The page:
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This blog post is primarily about the language surrounding “mythology” “myths” and along the lines of the thinking behind the Critical Religion Association, “religion”. I look at these terms as tools for categorization using stories of superheroes.

In 80s and 90s India, most available comics available were stories taken from “Hindu mythology” such as Ramayana and Mahabharata or stories based on these works in books such as Amar Chitra Katha. Also popular were the Jataka Tales, a collection of Buddhist moral stories. On the television front, we had two state-run television channels and programs on South Indian channels were dubbed versions of Hindi programs produced mostly in Delhi, the capital city of India. Dramatized adaptations of Ramayana (produced by Ramanand Sagar) and Mahabharata (produced by B. R. Chopra) were televised during these two decades. The personification of Hindu deities and demons, the grandeur of the production and film-sets, and the visualization of these stories (that until then were only narrated orally) in these shows was awe-inspiring. As is common for “mythology”, several different television and film adaptations of both Ramayana and Mahabharata have followed since; however, the early versions set the standard for how subsequent adaptations would be made. What has prompted me to write about superheroes and their superpowers is primarily the language that we use to describe on the one hand, “Hindu mythological” stories and on the other, stories of caped-crusaders produced primarily in the West. What I want to explore here is how the language of “mythology”, “myths”, and “miracles” puts the stories of Rama and Krishna in a different league from that of, say, Batman, Superman, etc. Superheroes in these contexts are defined or understood as someone with ‘higher mode of being’ transcending the mundane human lives; indeed as Indologist Wendy Doniger O’Flaherty puts it, ‘an enlightened sage’ who transcends the ‘world in which reality is defined by normal, social, conventional human existence’ (1980: 97).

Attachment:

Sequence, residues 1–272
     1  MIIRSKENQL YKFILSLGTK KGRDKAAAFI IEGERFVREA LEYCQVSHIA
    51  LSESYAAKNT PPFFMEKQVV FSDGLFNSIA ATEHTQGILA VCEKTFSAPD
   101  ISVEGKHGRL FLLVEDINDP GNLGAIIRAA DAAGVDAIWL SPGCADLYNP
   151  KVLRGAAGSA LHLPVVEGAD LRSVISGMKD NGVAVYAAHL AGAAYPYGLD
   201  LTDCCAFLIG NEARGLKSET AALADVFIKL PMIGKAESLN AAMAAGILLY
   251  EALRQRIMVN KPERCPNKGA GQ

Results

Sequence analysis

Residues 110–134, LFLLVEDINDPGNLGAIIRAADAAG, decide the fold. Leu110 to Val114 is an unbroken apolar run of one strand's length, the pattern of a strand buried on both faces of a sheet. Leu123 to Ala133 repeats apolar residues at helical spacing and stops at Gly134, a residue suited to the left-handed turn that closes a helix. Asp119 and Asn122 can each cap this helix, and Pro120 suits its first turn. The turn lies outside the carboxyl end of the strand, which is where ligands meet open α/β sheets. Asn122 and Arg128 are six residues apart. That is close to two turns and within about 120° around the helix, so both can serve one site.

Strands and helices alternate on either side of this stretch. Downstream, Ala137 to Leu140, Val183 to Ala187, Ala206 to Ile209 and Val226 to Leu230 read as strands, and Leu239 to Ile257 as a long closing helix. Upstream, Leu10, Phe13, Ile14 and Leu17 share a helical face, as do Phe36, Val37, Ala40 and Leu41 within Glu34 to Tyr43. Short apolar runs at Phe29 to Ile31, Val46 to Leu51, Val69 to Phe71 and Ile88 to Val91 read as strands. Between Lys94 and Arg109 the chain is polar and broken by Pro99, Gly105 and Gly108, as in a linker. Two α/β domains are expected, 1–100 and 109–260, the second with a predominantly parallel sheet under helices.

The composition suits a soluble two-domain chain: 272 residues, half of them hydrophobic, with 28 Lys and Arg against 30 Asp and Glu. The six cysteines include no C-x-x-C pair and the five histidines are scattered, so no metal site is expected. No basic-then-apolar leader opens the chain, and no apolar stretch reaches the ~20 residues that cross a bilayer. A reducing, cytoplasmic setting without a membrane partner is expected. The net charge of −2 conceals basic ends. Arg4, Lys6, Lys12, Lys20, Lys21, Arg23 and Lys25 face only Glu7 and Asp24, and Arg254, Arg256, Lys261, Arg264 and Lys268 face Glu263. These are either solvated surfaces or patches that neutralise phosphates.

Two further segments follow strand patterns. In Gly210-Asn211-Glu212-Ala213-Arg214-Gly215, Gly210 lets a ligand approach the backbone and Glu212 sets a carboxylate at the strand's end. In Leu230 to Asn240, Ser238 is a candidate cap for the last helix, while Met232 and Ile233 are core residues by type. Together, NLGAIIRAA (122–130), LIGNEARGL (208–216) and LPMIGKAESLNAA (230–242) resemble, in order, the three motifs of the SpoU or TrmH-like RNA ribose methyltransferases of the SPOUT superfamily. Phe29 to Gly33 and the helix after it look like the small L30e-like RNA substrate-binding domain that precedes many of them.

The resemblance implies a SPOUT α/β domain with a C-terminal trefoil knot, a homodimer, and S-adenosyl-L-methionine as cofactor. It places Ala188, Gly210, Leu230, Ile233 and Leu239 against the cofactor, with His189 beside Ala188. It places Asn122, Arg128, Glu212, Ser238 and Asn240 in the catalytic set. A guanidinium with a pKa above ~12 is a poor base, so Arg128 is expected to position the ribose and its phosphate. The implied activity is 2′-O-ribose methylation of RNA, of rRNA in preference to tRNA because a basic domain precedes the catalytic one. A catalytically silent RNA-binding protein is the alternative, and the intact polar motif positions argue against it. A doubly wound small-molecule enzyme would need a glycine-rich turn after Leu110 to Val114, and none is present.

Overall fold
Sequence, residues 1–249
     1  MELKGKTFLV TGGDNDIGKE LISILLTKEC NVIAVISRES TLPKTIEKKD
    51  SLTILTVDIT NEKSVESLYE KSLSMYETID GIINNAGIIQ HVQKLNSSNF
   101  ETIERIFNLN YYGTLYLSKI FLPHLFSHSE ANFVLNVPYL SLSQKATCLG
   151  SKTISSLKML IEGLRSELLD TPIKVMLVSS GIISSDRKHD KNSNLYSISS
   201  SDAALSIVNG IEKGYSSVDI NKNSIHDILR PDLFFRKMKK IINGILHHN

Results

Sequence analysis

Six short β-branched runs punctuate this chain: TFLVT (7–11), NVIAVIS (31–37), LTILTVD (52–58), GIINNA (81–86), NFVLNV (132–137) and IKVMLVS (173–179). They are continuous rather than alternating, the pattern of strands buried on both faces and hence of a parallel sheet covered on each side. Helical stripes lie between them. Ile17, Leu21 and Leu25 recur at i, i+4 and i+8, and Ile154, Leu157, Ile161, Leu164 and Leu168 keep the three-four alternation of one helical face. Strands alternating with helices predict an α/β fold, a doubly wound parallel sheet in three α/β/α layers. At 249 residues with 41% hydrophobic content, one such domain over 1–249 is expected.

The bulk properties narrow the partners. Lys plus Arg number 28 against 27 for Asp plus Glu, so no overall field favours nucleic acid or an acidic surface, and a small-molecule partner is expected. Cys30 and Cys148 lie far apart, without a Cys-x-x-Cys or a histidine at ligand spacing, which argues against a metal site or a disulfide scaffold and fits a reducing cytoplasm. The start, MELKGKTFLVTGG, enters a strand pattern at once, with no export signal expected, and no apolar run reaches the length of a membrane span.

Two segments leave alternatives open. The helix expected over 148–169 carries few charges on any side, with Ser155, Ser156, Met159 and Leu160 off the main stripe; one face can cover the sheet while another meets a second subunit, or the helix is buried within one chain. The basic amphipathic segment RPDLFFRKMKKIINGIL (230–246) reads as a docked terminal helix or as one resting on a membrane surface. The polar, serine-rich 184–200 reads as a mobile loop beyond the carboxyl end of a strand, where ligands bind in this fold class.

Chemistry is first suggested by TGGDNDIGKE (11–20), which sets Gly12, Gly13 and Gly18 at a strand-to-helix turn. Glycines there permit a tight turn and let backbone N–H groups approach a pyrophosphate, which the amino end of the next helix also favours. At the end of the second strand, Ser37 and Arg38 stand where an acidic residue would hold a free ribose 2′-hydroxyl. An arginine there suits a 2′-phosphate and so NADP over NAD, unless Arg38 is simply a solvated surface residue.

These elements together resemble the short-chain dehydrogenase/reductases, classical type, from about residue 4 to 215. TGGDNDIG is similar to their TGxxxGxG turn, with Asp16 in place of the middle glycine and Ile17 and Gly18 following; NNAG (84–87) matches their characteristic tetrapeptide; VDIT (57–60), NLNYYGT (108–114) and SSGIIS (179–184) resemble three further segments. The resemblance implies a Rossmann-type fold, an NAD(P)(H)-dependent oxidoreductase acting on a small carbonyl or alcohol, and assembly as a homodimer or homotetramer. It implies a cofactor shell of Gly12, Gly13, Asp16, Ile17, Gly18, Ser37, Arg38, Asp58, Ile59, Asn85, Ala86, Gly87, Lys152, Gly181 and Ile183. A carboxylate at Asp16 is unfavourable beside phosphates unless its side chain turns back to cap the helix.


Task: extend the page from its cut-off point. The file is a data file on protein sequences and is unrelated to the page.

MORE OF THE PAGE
The television shows Ramayana and Mahabharata portray central stories surrounding the lives of the Hindu deities Rama and Krishna, respectively. These stories include some of their heroics that establish their identities as deities amongst humans and thus, set them apart. For example, in an article that discusses the “myth” and “reality” of such stories, O’Flaherty gives an example of a story about Krishna: when Krishna, as a toddler, was caught eating mud by his mother, she asked him to open his mouth. He did, to reveal the entire universe, signifying that he was the embodiment of everything in this universe. Or the story where Krishna protects his devotee Draupathi by providing her with clothing when the cousins of her husbands attempt to humiliate her by disrobing her, as this video shows.

There are numerous such stories in Ramayana and Mahabharata (and other similar works classified as “Hindu mythology”). O’Flaherty, her problematic language aside, makes an important argument, that “mythology” made into a field of study has forced stories such as the above to fit within the framework of “myths” that need to have a function on a practical level because they concern deities (1980: 93) and are classified as “religious myths”. In doing so, these myths must then prove ‘whether or not there really is anything “out there,” and, if so, what it is’ (1980: 93). This, I contend, is primarily because, as flagged above, the language that is used to describe the stories of these deities, i.e., “myths” and “mythology”; that is, “myths” that need to within the framework of human rationality.